|Founders||Alick Elithorn, Keith Parkin|
|Type||1979 Ltd. UK|
|Focus||English Family Law * Shared Parenting|
|Paul O'Callaghan (chair); Emlyn Jone (vice-chair)|
|Affiliations||50 branches across the UK|
Families Need Fathers - Both Parents Matter (FNF), founded in 1974, is a registered charitable social care organization in the United Kingdom that offers information, advice, and support to parents whose children's relationship with them is under threat during or after divorce or separation, or who have been alienated or estranged from their children. FNF also advocates for shared parenting, more time for children with their non-resident parent, and stronger court actions when a resident parent defies court orders requiring them to allow their children a relationship with the other parent. The organization's goal is that children of divorce or separation should not lose the love and care of one of their parents.
In the United Kingdom, roughly one third of children from separated parents have no contact with their father, and the organization is chiefly concerned with maintaining a child's relationship with both parents during and after family breakdown.
The majority of the work of the charity is in providing relief, assistance, guidance and support to parents and other close family members hoping to stay in touch with their children after divorce or separation. It aims to further the emotional development of children whose parents have separated by encouraging shared parenting arrangements. The organization also seek to study problems associated with children who are deprived of a parent, and to promote an understanding of these problems among family and legal professionals and policy makers.
Families Need Fathers was founded in May 1974 by child psychiatrist Alick Elithorn and financial consultant Keith Parkin as an organization to campaign for equal parenting time after divorce, and for increased contact between a child and its non-custodial parent. The organization became a registered charity in 1979, and was able to hire staff in 1992. As the organization grew in the 1990s, previous employees founded and several new organizations with similar missions, such as Parents Forever Scotland, the Association of Shared Parenting, Dads After Divorce, and Fathers4Justice. In 1994, the Cheltenham Group was formed by FNF, Dads After Divorce and Parents Forever Scotland in an attempt to form a coalition of parenting organizations.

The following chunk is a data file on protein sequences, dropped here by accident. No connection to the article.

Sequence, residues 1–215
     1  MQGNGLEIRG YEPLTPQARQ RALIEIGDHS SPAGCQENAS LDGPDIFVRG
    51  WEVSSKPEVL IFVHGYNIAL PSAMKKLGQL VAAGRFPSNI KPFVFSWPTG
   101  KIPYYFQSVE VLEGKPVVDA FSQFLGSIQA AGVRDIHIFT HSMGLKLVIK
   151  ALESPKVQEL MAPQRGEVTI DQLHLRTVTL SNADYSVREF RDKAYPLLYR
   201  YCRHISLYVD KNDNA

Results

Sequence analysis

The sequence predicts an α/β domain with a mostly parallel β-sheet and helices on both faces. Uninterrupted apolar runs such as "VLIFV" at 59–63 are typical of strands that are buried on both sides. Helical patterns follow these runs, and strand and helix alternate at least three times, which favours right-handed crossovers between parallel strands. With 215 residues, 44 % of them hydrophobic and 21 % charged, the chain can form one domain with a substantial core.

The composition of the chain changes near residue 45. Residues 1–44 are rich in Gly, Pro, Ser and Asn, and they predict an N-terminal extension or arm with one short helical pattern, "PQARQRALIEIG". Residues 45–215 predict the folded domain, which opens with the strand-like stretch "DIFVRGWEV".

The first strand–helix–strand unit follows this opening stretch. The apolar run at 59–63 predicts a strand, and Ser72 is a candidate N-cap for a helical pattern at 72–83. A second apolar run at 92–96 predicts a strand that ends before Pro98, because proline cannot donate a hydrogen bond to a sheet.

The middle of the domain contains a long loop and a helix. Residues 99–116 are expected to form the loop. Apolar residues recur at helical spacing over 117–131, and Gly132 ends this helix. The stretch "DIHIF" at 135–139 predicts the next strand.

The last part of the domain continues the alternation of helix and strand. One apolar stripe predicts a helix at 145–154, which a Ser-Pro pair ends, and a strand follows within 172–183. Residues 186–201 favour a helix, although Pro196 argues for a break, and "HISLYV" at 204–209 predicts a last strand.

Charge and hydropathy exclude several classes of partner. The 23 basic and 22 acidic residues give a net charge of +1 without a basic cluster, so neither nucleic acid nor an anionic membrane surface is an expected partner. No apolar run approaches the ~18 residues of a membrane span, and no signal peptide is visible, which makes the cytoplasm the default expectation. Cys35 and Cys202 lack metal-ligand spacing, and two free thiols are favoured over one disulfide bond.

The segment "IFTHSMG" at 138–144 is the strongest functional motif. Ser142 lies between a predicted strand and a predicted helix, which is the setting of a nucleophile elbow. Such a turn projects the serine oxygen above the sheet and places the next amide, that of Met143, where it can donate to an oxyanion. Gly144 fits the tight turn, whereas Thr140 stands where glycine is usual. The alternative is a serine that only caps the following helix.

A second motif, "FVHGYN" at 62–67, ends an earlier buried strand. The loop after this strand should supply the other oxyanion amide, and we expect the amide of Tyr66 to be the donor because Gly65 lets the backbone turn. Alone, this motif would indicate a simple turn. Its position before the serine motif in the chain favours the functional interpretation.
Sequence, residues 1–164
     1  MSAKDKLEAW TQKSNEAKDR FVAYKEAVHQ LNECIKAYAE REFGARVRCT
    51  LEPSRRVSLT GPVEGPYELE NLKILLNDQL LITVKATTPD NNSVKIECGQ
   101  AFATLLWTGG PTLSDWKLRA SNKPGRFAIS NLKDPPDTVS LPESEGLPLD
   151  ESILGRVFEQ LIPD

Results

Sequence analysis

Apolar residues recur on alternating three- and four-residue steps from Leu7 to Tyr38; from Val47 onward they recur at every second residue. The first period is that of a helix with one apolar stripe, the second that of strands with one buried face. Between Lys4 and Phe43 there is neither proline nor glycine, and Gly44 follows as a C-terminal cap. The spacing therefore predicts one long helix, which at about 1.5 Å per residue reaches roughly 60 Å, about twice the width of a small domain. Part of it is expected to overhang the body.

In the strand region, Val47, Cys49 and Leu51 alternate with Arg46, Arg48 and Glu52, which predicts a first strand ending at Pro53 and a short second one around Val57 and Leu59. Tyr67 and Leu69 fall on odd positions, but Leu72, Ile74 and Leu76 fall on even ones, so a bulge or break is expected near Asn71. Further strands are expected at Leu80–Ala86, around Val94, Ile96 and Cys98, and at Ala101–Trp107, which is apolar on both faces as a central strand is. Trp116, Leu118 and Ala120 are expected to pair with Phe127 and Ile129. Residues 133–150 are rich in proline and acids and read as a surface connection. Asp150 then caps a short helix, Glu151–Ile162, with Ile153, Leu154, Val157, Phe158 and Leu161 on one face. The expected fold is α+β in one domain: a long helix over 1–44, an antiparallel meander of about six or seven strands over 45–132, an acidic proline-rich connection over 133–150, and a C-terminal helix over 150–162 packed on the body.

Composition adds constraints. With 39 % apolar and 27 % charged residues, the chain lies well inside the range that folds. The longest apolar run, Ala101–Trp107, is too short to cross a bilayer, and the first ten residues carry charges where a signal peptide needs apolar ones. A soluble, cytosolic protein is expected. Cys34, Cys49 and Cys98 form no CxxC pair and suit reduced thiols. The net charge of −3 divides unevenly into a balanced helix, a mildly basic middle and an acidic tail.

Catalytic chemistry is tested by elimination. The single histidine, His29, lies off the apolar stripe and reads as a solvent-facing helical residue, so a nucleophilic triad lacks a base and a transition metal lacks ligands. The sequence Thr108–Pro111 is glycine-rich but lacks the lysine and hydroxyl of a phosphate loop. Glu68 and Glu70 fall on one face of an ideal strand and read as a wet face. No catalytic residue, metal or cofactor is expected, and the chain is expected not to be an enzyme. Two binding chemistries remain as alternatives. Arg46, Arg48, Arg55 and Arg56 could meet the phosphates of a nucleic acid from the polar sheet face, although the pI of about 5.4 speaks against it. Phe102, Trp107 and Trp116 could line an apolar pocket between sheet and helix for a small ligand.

In 2008, FNF ran projects under the umbrella of "Both Parents Matter" and this strapline was added to the charity's logo in 2013. By 2010, the organization had 51 branches across the United Kingdom and a network of 300 volunteers. It has since continued to advocate for shared parenting with the media, the House of Commons and the family justice establishment, while continuing its work as a social care organization.
Jon Davies was the chief executive from 2006 to 2010. The current chair is Paul O'Callaghan. 
In 2016, Families Need Fathers received around 25,000 calls to its Helpline, around 5,000 visitors to local meetings, and 185,000 unique page views to its website.
In 1994, Labour Party MP Glenda Jackson claimed that Families Need Fathers advised fathers to kidnap their children if they were not allowed access to them, and if that did not work, to murder the mother. In a subsequent letter regarding the organizations draft mission statement, she reiterated the kidnapping assertion and found the mission statement to be an attack on women rather than an argument for keeping children and parents in contact. In neither instance did the MP provide a source for the kidnapping claim. In 2007, journalist Jenni Murray argued that at its foundation, FNF cast itself outside the frame of respectability as they were said to advocate for the abduction of children whose custody was awarded to the mother. More recently in 2017, Legal Action for Women protested at an FNF conference. They cited Jackson's 1994 kidnapping comment in parliament and protested that the organization has consistently attacked women and that they deny the existence of domestic violence.
Families Need Fathers, set up in the seventies, advocated the abduction of children awarded to mothers in custody cases and ruled themselves out of the frame of respectability.